(Reuters Health) - Children and adults who take five commonly prescribed types of antibiotics may be more likely to develop kidney stones than people who dont use these medicines, a recent study suggests.
Researchers examined electronic health records collected from 1994 to 2015 for 25,981 people who developed kidney stones and a control group of 259,797 similar individuals who did not. Using the kidney stone diagnosis as an index date, researchers then looked for prior antibiotic prescriptions in both groups.
Exposure three to 12 months before the index date to any of five antibiotics - sulfas, cephalosporins, fluoroquinolones, nitrofurantoin/methenamine, and broad-spectrum penicillins - was associated with an increased risk of kidney stones.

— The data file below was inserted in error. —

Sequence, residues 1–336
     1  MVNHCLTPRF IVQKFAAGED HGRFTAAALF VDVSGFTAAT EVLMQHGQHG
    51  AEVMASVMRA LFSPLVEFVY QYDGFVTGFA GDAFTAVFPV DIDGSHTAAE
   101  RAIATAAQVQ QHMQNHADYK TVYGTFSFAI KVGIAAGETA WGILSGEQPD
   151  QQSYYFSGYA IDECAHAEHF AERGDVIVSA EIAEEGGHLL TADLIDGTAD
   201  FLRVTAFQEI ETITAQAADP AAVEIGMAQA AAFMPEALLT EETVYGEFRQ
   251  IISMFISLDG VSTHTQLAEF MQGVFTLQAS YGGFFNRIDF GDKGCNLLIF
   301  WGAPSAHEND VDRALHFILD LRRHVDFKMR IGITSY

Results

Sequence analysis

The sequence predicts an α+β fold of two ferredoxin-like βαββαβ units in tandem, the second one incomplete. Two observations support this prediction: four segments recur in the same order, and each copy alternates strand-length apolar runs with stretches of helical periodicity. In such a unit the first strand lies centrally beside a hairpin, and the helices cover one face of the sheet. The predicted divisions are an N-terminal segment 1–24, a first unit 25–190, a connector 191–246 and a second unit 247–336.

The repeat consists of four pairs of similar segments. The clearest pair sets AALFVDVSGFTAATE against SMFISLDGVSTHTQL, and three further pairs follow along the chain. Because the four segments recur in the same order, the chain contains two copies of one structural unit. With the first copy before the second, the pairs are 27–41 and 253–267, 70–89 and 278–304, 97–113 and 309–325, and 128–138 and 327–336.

The risk increase associated with these antibiotics ranged from 27 percent higher odds with broad-spectrum penicillins to more than doubled odds with sulfas.
Without a doubt, antibiotics have saved millions of lives and are needed to prevent death and serious harm from infections; the benefits outweigh the potential harms, said lead study author Dr. Gregory Tasian of the Childrens Hospital of Philadelphia.
These results dont suggest that antibiotics should not be prescribed when indicated, Tasian said by email. However, they do support antibiotic stewardship - the judicious and ...